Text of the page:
Residents have a different lifestyle than their peers who opted for other careers. While their college classmates are working 40-50 hours a week, residents are dealing with life and death situations over the course of 80-plus hours per week.
“During residency training you don’t have as much control of your schedule. You’ve moved to a new city, and may or may not have anyone you know. As a young adult, you’re dealing with life issues like buying a car, raising a family, taking care of yourself and trying to do it around an odd schedule you can’t control,” Brady said. “Most residents become good at being resilient. They do get stressed. We try to have systems set up to share and talk about stress.”
The House Staff Advisory Council, which Terhune and Chris Kuzniewski, M.D., co-chair, allows the residents to have representation on Medical Center boards and to have regular meetings with GME staff to discuss resident-specific issues ranging from cleanliness of call rooms, to duty hours and benefits.
The Vanderbilt House Staff Alliance, which has existed for more than 20 years, is a social and philanthropic organization of residents’ spouses and significant others. It sponsors lectures, seminars and interest groups to engage the spouses and offer support. It hosts “Medical Marriages — Matters of the Heart,” a series of talks hosted by Jeff Balser, M.D., Ph.D., vice chancellor for Health Affairs and dean of the School of Medicine, and his wife, Melinda, with advice on building a strong marriage that can withstand the stress of residency.
At the heart of every residency program is the program coordinator. Betty Warner has been the Department of Otolaryngology residency program coordinator for five years. She likes to say she has 20 kids, all of them physicians.
Warner works 10-hour days and answers 75 to 125 e-mails a day, beginning when she wakes up until the time she goes to bed. She works nights and weekends for special occasions. She is responsible for making sure her residents meet all of the requirements set forth by the ACGME and Residency Review Committee. She organizes the interviewing process for incoming residents, oversees the graduation ceremony for outgoing residents and provides a healthy dose of TLC to all those in between.
“It’s like being a mother to a bunch of people to keep them on task,” she said with a laugh. “There is a lot of paperwork they have to keep up with, including their duty hours, compliance issues, vacation days, call and rotation schedules, keeping [ACLS/BLS] certifications current and making sure everyone has enough money on their I.D. cards to eat while on call.”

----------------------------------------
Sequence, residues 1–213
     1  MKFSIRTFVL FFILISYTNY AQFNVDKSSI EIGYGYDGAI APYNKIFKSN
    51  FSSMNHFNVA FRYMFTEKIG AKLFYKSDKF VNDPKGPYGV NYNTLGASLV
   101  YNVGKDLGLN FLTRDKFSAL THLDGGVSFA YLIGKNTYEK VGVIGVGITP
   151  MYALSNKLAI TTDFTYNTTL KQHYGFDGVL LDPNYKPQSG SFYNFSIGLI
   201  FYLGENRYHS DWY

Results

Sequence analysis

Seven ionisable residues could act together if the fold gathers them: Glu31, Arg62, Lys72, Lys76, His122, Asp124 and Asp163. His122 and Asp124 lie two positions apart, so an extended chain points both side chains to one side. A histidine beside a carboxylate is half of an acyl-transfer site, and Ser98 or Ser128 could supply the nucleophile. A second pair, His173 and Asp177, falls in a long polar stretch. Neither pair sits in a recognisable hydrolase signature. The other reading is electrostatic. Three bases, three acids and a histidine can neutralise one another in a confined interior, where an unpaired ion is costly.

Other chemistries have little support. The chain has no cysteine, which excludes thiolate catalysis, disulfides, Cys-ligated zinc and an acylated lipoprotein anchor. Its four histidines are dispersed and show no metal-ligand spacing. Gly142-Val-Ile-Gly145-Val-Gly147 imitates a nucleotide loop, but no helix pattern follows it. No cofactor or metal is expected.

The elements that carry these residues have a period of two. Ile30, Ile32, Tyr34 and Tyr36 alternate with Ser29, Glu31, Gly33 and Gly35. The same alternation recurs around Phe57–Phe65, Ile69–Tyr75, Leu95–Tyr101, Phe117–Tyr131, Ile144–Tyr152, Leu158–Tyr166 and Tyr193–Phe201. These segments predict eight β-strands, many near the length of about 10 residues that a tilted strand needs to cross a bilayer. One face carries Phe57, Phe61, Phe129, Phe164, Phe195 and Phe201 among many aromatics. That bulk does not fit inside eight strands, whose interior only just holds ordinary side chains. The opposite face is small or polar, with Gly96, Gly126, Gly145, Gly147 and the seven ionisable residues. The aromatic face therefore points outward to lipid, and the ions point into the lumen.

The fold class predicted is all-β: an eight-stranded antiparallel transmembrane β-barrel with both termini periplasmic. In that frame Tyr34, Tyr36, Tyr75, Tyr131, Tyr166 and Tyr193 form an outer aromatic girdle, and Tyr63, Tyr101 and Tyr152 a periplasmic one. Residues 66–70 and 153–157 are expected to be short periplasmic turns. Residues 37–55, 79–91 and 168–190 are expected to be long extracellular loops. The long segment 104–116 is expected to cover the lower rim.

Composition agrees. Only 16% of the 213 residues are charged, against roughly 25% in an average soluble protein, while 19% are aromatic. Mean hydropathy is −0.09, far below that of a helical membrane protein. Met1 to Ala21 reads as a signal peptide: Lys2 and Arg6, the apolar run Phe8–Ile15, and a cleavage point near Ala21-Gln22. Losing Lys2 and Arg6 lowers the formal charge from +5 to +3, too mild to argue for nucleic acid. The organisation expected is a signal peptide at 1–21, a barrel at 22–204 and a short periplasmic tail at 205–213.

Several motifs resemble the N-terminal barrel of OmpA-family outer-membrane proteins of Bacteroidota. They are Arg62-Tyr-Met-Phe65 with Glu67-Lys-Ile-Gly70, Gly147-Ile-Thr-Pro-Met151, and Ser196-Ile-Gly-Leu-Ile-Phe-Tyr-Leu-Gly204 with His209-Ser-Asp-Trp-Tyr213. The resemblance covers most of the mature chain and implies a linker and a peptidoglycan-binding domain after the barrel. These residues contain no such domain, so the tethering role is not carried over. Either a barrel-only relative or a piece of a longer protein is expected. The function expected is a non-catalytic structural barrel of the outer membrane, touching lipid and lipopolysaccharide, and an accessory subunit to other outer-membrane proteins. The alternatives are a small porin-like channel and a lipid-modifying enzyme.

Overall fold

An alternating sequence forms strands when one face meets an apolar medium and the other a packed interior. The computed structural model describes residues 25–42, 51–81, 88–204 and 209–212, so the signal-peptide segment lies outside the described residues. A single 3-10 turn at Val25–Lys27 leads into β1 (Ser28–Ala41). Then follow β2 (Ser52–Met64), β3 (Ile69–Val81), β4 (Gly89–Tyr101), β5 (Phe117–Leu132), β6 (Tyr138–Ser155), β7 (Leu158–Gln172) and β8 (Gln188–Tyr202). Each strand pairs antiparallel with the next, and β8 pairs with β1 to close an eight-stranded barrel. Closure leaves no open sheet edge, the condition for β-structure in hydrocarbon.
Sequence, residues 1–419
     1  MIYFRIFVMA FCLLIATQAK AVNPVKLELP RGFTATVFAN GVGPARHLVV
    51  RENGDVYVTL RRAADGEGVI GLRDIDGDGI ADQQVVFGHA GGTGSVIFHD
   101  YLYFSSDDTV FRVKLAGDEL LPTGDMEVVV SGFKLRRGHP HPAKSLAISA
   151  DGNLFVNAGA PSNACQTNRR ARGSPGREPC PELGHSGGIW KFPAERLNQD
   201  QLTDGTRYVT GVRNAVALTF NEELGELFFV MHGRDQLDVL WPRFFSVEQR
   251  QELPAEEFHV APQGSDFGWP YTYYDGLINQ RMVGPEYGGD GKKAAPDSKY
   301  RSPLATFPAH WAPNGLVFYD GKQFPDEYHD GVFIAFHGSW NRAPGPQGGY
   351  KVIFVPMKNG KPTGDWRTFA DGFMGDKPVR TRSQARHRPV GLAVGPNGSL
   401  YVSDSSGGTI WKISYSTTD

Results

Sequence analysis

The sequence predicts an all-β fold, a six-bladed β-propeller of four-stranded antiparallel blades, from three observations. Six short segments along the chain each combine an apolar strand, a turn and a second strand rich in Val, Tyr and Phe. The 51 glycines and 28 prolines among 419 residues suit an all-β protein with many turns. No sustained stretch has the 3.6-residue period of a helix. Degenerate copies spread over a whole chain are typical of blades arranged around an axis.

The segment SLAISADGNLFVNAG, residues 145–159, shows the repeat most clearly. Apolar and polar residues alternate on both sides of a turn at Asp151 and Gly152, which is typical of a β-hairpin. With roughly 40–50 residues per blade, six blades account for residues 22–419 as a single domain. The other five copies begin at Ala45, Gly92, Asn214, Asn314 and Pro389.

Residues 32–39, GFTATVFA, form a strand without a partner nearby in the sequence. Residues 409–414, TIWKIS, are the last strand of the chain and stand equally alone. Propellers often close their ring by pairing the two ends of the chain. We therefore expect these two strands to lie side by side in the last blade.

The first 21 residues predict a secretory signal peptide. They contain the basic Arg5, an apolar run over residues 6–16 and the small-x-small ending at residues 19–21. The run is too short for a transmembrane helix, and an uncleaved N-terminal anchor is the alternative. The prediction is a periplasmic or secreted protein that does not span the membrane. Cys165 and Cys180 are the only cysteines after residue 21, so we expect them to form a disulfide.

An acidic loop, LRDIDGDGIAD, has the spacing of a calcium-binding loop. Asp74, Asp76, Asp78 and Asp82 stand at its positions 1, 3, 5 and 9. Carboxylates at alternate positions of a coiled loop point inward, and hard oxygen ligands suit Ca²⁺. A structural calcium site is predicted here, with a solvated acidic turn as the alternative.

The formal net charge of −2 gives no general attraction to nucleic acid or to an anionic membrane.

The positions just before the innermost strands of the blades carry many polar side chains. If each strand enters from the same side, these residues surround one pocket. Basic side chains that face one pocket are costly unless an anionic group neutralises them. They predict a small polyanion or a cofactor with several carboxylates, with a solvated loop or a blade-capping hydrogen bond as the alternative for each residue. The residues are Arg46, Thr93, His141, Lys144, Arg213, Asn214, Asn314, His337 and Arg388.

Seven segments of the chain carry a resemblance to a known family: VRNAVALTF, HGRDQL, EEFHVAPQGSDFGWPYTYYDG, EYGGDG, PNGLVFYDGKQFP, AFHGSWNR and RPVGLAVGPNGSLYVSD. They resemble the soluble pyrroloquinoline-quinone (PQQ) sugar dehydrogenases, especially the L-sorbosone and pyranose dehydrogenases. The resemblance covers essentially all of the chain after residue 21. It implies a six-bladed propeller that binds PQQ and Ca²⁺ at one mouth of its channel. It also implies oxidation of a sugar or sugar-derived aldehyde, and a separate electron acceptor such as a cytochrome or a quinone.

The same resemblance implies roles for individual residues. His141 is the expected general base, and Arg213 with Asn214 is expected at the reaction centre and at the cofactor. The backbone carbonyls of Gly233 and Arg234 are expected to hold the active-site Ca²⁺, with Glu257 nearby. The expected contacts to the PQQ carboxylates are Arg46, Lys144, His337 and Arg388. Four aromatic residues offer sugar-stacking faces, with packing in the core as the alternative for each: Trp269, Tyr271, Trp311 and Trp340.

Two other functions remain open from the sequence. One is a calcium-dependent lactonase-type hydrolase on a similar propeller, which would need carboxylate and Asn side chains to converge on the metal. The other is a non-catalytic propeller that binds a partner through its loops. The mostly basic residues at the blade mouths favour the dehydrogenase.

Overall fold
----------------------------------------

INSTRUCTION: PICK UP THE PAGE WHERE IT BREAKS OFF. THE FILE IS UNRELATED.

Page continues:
Warner said she particularly enjoys bonding with the residents.
“You become a sounding board for them. I’ve had female residents talk to me about boyfriend problems, and male residents talk about problems with their wives/girlfriends or their wives leaving them. I’ve had residents sit in my office and cry because they’ve had to tell a parent that their child died in the ER,” she said. “It’s such a broad spectrum of things you hear. Being there for them is very rewarding.”
First-year Otolaryngology resident, Mark Van Deusen, M.D., had been living in Nashville for just two weeks when he developed a temperature of 103.5 and signs of pneumonia. He had just moved from Syracuse, N.Y., to begin his residency and wasn’t sure where to go for help, so he asked Warner.
“Betty referred me to Occupational Health. She was outstanding in helping to ensure that I would be able to make up any orientation that I couldn’t attend. She even offered to bring me groceries while I was at home recovering. Fortunately, I was able to start my residency on time and even made all the orientation sessions,” Van Deusen said.
The residents’ study and sleep room is just down the hall from Warner’s office, so she makes sure it is stocked with linens and academic journals and tries to overlook the mess.
“I don’t, however, make their beds or change their sheets. That’s on them. Like any mother, it drives me nuts to walk in there and see it a mess, but I just let it be their mess,” she said good-naturedly.
In June she bade farewell to four graduating residents, and in July welcomed four new ones.
“When they first come here, they are fresh out of medical school and they have no specialized training, and then they leave to go into private practice or academic medicine and take care of patients on their own. It’s incredible to watch them develop over that five-year period. My residents are amazing. I love them.”